One salon owner’s frustration at insurers' blanket "no" response to treating clients with cancer
As salon owners, our landscape is forever changing – through employment laws, pensions regulations, GDPR, industry trends and more.
Many of these challenges are fairly unemotional. They involve implementing processes and setting up procedures and systems, and can be tick box exercises. But one challenge is very emotional, and that’s how we manage our clients who have been diagnosed with cancer.
We work hard to grow relationships with our clients. They share their lives with us. We become confidantes, advisors – weddings, divorce, bereavement, careers, relationships, we go through it all with clients and share ideas, support, laughter and tears with them.
We’re able to help them feel better about themselves, increase their confidence and to generally look after their wellbeing.
When a client is diagnosed with cancer, it’s life changing for them and their families. As therapists, our primary desire is to look after and care for our clients, making them look and feel great.
Why shouldn’t we be able to continue providing this service when they are diagnosed with cancer? In fact, you could argue, it’s when they need the support and nurturing the most.
What the insurers say
To operate legally, we require insurance and this is where it gets tricky. My experience with insurers is that if that cancer box on your consultation form gets ticked, you can’t proceed any further and treat the client. The generic feedback that seems most common is – the client must be five years clear until they are able to be treated again.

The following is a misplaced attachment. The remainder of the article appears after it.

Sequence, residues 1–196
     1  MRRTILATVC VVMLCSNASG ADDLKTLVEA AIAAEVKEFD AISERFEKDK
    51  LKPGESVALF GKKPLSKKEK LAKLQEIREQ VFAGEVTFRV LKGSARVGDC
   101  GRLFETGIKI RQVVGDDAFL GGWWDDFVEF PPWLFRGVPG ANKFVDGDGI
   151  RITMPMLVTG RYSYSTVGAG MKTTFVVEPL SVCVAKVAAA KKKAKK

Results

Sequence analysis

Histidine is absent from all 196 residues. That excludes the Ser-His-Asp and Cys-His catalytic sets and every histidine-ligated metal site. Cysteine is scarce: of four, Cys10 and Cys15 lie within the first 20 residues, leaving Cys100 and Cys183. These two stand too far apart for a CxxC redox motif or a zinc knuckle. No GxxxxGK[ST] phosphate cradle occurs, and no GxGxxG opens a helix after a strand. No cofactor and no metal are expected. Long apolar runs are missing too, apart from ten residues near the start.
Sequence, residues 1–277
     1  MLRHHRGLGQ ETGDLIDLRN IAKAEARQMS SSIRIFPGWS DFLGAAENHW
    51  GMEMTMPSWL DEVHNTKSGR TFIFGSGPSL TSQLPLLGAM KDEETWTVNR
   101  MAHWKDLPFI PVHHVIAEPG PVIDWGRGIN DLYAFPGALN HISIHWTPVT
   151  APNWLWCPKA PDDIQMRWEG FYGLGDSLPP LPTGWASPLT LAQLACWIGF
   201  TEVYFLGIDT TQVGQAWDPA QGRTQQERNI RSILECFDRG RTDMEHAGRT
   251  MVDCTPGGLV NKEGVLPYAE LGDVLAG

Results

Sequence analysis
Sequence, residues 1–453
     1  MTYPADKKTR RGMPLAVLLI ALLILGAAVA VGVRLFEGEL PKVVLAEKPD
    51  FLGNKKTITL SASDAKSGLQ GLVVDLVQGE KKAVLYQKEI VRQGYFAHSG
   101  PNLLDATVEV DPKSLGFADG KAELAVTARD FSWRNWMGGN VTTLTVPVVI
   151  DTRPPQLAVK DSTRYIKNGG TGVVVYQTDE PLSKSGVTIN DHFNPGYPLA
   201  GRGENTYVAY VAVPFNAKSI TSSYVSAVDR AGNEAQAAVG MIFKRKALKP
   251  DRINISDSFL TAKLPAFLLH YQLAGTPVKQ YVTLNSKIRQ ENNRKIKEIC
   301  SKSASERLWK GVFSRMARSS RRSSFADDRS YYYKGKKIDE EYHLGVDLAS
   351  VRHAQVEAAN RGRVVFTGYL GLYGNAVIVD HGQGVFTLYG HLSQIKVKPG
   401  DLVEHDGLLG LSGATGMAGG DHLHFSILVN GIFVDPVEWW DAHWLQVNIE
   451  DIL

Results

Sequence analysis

I understand cancer is a very complex area and I can see that for more in-depth treatments, like massage, there may be a valid contraindication, but I’ve been in scenarios where the oncologist has been willing to sign to say they're happy for a client to have beauty treatments and I still can’t get insurance cover, because they're still "in treatment".
It’s soul destroying to have that conversation with your client where you say, “I'm unable to provide that service to you anymore”. Isn’t it hard enough to be diagnosed with cancer, let alone feel further punished by not being able to be pampered any more.
For non-intrusive treatments like manicures, pedicures or waxing (things that clients will do for themselves at home), if there’s GP consent, could we not continue to treat our clients at some level, helping to continue their usual salon interactions and have that great relationship with them.
There are courses available to train in, so that you can get insurance to be able to treat cancer patients, but as an example, to get all my team "cancer qualified" in the 100 plus treatments we offer, it’s going to cost me more than £10,000.
I'd like to see a working group set up, made up of GPS, oncologists, underwriters, Cancer Research UK, therapists and salon owners. Let’s work together to help overcome this challenge faced by the beauty industry.